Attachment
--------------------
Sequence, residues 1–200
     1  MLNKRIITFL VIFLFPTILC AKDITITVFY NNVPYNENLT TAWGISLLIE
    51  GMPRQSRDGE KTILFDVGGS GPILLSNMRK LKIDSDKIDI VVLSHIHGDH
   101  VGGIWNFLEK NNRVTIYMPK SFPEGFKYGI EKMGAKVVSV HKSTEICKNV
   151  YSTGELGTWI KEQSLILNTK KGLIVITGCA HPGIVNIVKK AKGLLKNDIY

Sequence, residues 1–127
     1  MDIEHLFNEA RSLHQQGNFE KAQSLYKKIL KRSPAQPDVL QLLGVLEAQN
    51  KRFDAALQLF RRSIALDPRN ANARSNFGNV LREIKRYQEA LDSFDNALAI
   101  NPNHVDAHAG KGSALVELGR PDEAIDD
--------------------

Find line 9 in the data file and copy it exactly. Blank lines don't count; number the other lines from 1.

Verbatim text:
   101  NPNHVDAHAG KGSALVELGR PDEAIDD